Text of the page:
Italeri 1/72 He 111Z-1 Zwilling Kit First Look
By Michael Benolkin
|Date of Review||August 2005||Manufacturer||Italeri|
|Subject||Heinkel He 111Z-1 Zwilling||Scale||1/72|
|Kit Number||01119||Primary Media||Styrene|
|Pros||Nicely detailed exterior||Cons|
|Skill Level||Basic||MSRP (USD)||$59.00|
While Messerschmitt was developing the huge Me 321 Gigant cargo glider, the German air ministry was trying to find a way of getting the glider into the air and towing it to its destination. General Ernst Udet came up with the idea of joining two He 111H-6 bombers together using a constant chord wing joining the two fuselages. This new wing section would not only carry the engines from the replaced wing sections, it would add an additional engine to bring the total to five. These five engines would develop a total of 6750 horsepower, enough to tow the Me 321 or three Go 242 gliders.
Ten of these aircraft were produced and were used successfully in the assault on Malta, were slated to support Stalingrad but arrived in-theater too late, successfully supported the Kuban bridgehead, and returned to support operations in France and Italy. In fact, the Luftwaffe was so pleased with the performance of these aircraft that additional versions were in the planning stages - the He 111Z-2 long-range bomber and the He 111Z-3 long-range reconnaissance aircraft.
Now here is a classic back from Italeri. This re-issue features two of Italeri's nice He 111H kits with one set of wings replaced with the constant chord section as on the full scale aircraft.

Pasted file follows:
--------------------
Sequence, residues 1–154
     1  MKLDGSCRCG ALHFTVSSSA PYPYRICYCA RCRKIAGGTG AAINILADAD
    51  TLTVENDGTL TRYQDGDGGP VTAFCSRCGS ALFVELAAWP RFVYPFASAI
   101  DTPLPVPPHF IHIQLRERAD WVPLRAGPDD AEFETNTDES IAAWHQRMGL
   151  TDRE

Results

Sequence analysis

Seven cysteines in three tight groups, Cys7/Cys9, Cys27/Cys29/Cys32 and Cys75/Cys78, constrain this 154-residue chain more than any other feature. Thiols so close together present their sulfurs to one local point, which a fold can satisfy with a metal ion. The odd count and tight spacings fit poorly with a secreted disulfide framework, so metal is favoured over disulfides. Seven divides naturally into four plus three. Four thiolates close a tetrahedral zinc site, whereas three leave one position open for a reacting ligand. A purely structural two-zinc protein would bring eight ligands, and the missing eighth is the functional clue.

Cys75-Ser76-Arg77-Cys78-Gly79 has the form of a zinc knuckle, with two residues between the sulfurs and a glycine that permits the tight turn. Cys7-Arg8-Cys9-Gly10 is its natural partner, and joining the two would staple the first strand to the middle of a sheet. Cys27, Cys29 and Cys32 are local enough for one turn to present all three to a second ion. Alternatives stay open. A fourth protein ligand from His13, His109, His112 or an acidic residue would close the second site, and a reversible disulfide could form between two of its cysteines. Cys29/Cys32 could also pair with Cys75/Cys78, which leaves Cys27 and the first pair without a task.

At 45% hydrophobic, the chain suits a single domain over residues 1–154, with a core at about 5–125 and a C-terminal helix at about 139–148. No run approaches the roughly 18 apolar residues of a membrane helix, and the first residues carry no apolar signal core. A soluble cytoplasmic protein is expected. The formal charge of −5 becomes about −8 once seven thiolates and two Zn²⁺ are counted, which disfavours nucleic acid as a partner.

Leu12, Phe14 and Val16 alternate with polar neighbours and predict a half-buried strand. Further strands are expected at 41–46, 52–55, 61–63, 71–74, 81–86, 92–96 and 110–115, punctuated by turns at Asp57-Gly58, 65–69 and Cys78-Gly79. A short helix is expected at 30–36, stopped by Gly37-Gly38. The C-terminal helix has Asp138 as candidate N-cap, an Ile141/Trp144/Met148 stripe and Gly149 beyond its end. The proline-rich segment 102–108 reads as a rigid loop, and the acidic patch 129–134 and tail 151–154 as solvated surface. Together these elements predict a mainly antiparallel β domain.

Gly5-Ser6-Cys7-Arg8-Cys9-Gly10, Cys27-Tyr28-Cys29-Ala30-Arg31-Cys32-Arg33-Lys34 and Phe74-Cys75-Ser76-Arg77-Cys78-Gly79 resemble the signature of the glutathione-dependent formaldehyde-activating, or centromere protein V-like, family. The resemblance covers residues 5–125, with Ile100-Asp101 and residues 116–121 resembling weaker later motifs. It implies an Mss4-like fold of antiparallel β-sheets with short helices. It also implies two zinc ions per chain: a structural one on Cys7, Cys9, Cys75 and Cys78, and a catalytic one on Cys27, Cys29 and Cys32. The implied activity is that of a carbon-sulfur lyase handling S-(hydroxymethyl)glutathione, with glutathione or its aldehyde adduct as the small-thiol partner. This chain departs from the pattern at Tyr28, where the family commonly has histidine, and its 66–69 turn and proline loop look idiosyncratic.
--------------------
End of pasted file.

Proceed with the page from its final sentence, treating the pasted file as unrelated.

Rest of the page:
The kit is molded in light gray styrene and is presented on four parts trees, plus two additional trees of clear parts. Since the fuselage trees are also used for the standard He 111H bomber kit, each tree has bombs, torpedoes, and other details that are not used with the He 111Z, so you'll have some spares for your parts box.
Due to the age of these molds, the panel lines are all raised, and the raised lines on the flight control surfaces are a bit too raised, but a quick pass with a Scotchbrite pad will soften that up. Nevertheless, the details are sharp, clear and will be easy to work with.
To Italeri's credit, they must have put these molds through maintenance as the parts are smooth and flash-free as if these were all new tooling.
As with the standard He 111H-6 kit, the Zwilling has nicely detailed dorsal gun rings, ventral gun positions in the gondolas, and additional guns out the nose and fuselage sides.
The main landing gear doors come molded together in the closed position, making this aircraft easy to pose in-flight should you rather hang it from the ceiling. The doors are easily cut to position the landing gear down.
Markings are provided for one example, He 111Z-1 TH+ZL as it appeared in winter camo over Russia in 1943.
This was an interesting concept that the Germans used to tow their heavy gliders aloft as they didn't have a fleet of heavy bombers to draw from as the RAF and US did. This kit is one of the few that I am happy to build in 1/72 as a larger scale Zwilling would occupy a shelf of its own!
If you want to model one of the Luftwaffe's airborne oddities, this kit is under limited reissue. Grab one while you can!
My sincere thanks to Testors for this review sample!